To assign one or more physical volumes to a volume group, first name the volume group. Then select the physical volumes to be used in the volume group. Finally, configure logical volumes on any volume groups using the Add, Edit and Delete options. You may not remove a physical volume from a volume group if doing so would leave insufficient space for that group's logical volumes. For example, if a volume group is made up of two 5 GB LVM physical volume partitions, then it contains an 8 GB logical volume. The installer would not allow you to remove either of the component physical volumes, since that would leave only 5 GB in the group for an 8 GB logical volume. If you reduce the total size of any logical volumes appropriately, you may then remove a physical volume from the volume group. In the example, reducing the size of the logical volume to 4 GB would allow you to remove one of the 5 GB physical volumes. After you finish setting up and reviewing your partition configuration, select Next to continue the installation process.

Boot Loader
A boot loader is a small program that reads and launches the operating system. Fedora Core uses the GRUB boot loader by default. If you have multiple operating systems, the boot loader determines which one to boot, usually by offering a menu. You may have a boot loader installed on your system already. An operating system may install its own preferred boot loader, or you may have installed a third-party boot loader.If your boot loader does not recognize Linux partitions, you may not be able to boot Fedora Core. Use GRUB as your boot loader to boot Linux and most other operating systems. Follow the directions in this section to install GRUB.

Installing GRUB If you install GRUB, it may overwrite your existing boot loader. The following screen displays boot loader configuration options.


Boot Loader Configuration Screen

Keeping Your Existing Boot Loader Settings
By default, the installation program installs GRUB in the master boot record, or MBR, of the device for the root file system. To change or decline installation of a new boot loader, select the Change boot loader button. The dialog shown in “Change Boot Loader” allows you to avoid installing or changing your existing boot loader settings.

Change Boot Loader


Boot Loader Required Your computer must have GRUB or another boot loader installed in order to start, unless you create a separate startup disk to boot from.

Booting Additional Operating Systems
If you have other operating systems already installed, Fedora Core attempts to automatically detect and configure GRUB to boot them. You may manually configure any additional operating systems if GRUB does not detect them. To add, remove, or change the detected operating system settings, use the options provided. Add Press the Add button to include an additional operating system in GRUB. Fedora Core displays the dialog shown in “Adding Operating Systems to the Boot Menu”. Select the disk partition which contains the bootable operating system from the drop-down list and give the entry a label. GRUB displays this label in its boot menu. Edit To change an entry in the GRUB boot menu, select the entry and then select Edit. Delete To remove an entry from the GRUB boot menu, select the entry and then select Delete.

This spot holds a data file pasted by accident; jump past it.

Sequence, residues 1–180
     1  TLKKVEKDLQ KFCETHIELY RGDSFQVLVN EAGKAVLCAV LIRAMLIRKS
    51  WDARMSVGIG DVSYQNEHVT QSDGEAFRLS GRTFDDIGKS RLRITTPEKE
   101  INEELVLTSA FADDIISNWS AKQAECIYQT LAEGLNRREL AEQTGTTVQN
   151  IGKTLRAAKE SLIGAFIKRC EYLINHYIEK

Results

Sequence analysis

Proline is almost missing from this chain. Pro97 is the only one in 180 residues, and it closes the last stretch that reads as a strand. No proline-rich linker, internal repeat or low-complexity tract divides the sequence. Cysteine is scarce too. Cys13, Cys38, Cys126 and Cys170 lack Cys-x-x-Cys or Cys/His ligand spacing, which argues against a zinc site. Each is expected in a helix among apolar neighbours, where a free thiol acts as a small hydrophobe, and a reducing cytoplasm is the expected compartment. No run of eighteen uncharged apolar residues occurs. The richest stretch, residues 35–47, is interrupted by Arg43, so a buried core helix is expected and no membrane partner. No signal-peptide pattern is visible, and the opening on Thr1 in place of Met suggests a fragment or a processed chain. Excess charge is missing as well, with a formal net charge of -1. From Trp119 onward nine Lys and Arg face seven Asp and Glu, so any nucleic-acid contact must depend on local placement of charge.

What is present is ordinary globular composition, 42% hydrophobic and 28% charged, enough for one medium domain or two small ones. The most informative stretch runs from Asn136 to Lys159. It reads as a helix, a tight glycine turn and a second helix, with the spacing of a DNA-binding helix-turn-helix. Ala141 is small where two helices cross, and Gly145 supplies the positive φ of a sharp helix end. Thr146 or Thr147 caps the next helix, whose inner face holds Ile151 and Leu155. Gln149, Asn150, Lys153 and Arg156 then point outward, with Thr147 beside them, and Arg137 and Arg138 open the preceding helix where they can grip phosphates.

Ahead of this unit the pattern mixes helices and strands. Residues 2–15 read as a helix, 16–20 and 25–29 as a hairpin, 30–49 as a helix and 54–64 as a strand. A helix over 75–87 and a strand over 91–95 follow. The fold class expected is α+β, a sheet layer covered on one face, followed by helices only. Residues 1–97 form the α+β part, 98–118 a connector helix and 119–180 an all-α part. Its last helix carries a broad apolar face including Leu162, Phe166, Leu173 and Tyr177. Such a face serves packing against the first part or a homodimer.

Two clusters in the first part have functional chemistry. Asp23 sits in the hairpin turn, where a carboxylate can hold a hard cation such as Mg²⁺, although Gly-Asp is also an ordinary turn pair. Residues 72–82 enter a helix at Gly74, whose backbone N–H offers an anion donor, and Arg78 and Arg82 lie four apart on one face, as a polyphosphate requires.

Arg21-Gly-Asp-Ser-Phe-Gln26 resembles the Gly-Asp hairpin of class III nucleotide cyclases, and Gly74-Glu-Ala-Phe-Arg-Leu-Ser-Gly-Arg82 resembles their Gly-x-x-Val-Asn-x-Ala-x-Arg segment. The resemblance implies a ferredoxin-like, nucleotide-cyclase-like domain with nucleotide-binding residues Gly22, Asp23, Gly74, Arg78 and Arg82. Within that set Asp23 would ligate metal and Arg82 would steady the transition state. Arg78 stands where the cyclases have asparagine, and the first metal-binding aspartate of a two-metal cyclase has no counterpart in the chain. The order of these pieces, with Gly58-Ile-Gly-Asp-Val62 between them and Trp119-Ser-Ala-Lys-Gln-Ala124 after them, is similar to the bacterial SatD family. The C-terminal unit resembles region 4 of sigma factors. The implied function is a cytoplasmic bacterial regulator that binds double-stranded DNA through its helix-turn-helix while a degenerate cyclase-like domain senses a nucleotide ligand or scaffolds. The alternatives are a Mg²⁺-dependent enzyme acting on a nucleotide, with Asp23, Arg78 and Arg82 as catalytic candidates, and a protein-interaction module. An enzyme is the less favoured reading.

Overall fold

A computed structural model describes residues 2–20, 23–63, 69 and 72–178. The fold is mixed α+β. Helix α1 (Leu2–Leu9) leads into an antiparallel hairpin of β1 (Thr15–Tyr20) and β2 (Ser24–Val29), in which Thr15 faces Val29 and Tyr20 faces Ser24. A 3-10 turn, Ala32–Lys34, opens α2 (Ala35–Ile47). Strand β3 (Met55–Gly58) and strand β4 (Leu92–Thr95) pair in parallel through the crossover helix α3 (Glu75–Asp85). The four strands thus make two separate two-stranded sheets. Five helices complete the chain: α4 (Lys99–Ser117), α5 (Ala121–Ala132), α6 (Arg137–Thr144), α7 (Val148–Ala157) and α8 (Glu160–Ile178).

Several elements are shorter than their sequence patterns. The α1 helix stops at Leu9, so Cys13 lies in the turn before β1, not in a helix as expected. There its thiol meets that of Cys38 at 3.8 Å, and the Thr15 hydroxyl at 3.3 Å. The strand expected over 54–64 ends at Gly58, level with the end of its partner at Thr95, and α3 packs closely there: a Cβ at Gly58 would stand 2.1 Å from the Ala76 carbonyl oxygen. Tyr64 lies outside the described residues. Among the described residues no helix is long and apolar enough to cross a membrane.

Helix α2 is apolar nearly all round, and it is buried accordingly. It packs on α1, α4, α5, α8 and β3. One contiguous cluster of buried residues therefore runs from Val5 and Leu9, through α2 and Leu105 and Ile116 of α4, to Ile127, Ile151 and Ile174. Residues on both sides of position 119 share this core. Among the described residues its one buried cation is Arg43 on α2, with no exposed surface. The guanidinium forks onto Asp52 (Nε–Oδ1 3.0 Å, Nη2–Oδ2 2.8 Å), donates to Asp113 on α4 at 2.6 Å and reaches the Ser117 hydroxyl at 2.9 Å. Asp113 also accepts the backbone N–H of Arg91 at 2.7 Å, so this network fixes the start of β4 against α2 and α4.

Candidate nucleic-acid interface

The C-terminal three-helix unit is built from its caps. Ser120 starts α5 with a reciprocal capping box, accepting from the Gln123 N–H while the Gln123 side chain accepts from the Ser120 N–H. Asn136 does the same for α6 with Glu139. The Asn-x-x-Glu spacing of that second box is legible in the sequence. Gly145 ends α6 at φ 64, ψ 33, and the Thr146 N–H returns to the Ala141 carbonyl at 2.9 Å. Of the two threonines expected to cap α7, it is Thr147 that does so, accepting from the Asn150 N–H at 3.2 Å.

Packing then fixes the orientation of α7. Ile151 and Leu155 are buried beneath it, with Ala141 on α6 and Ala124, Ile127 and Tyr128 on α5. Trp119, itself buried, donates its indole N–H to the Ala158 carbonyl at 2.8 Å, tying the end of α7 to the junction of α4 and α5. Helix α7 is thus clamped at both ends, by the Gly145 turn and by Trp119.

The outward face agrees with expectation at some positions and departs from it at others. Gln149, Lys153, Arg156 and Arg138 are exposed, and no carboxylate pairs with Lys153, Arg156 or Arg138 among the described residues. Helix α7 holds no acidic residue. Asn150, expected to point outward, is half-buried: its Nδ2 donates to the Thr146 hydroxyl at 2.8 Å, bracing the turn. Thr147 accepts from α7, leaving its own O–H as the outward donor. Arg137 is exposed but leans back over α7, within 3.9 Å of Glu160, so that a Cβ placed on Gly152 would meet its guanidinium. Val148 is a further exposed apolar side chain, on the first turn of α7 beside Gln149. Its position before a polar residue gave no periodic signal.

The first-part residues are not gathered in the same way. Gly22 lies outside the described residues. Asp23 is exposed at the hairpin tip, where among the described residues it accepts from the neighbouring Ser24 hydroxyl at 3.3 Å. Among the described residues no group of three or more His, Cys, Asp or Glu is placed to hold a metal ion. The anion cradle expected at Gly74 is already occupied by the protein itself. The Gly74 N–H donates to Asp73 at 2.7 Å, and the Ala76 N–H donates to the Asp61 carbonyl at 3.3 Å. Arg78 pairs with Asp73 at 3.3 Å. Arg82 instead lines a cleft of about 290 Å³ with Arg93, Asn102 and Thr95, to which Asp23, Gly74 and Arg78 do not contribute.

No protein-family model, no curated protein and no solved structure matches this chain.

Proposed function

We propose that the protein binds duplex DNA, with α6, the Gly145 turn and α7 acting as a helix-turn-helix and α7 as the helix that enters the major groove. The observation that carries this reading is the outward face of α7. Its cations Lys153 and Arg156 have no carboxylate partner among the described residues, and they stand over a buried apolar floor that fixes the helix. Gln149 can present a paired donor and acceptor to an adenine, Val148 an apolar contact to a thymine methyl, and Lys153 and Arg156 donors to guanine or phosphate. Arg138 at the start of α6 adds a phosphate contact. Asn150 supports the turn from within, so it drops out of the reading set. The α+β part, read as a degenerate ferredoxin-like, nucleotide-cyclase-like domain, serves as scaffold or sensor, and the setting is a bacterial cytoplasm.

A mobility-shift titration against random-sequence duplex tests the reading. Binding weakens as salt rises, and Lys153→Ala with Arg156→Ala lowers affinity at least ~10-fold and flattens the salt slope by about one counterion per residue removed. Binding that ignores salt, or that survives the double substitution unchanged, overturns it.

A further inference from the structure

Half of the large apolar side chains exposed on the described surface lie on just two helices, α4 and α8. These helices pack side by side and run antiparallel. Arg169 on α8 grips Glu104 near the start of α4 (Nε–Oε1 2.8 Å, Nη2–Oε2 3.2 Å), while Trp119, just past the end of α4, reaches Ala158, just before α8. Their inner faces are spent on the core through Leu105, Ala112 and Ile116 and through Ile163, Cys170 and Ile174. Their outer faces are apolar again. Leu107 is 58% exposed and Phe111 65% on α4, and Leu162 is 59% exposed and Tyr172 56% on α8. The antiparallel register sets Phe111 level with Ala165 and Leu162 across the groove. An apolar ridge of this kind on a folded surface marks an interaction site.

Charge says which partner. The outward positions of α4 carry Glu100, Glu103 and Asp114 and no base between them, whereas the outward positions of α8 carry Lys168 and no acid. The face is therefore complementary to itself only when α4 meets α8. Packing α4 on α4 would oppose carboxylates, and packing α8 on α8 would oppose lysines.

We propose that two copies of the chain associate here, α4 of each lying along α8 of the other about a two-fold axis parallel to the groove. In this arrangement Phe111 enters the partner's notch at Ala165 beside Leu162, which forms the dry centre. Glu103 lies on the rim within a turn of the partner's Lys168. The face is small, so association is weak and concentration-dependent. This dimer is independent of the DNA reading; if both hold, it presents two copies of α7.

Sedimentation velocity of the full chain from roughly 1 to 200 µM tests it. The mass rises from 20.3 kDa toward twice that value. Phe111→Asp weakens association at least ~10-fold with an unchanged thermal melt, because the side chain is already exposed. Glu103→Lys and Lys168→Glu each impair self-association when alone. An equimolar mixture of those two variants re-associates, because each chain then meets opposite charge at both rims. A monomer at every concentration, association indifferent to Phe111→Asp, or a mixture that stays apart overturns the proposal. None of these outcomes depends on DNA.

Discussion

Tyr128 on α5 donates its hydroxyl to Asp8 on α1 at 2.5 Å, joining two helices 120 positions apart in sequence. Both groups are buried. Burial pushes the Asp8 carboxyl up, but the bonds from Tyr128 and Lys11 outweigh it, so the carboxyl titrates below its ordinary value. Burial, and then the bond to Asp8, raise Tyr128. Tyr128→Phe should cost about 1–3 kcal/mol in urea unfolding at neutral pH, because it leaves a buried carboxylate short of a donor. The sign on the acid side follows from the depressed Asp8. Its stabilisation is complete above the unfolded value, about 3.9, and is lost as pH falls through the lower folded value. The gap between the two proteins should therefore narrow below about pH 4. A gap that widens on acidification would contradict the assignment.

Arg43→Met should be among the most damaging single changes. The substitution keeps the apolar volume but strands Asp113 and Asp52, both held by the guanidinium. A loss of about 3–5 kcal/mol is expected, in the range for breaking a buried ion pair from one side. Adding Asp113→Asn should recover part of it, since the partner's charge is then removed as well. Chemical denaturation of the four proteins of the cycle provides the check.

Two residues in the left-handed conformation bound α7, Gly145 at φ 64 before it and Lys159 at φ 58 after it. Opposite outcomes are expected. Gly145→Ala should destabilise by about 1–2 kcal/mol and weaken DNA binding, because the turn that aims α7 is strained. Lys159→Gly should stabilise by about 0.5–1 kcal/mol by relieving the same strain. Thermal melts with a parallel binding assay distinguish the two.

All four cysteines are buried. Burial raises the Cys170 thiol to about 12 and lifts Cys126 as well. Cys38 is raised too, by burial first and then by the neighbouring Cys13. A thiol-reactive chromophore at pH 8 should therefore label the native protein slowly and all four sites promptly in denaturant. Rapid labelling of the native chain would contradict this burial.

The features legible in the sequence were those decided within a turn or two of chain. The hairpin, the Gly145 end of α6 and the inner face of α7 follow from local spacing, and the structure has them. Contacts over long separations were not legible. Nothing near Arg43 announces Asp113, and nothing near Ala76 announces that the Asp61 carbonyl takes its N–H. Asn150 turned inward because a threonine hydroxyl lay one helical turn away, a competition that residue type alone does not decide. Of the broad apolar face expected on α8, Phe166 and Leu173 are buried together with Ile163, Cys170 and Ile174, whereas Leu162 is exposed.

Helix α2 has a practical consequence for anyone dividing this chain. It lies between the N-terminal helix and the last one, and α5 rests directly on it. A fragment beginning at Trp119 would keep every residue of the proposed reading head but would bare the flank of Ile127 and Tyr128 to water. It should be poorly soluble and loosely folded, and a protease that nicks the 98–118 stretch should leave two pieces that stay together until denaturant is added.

Adding Operating Systems to the Boot Menu

Setting a Boot Loader Password
GRUB reads many file systems without the help of an operating system. An operator can interrupt the booting sequence to choose a different operating system to boot, change boot options, or recover from a system error. However, these functions may introduce serious security risks in some environments. You can add a password to GRUB so that the operator must enter the password to interrupt the normal boot sequence.

GRUB Passwords Not Required
You may not require a GRUB password if your system only has trusted operators, or is physically secured with controlled console access.

However, if there is a chance someone can get physical access to the keyboard and monitor of your computer, that person can reboot the system and access GRUB. This is where a password is helpful. To set a boot password, select the Use a boot loader password checkbox. The Change password button will become active. Select Change password to display the dialog below. Type the desired password, and then confirm it by typing it again in the spaces provided.

Entering A Boot Password


Choose a Good Password Choose a password that is easy for you to remember but hard for others to guess. Forgotten GRUB Passwords GRUB stores the password in encrypted form, so it cannot be read or recovered. If you forget the boot password, boot the system normally and then change the password entry in the /boot/grub/grub.conf file. If you cannot boot, you may be able to use the "rescue" mode on the first Fedora Core installation disc to reset the GRUB password. If you do need to change the GRUB password, use the grub-md5-crypt utility. For information on using this utility, use the command man grub-md5-crypt in a terminal window to read the manual pages.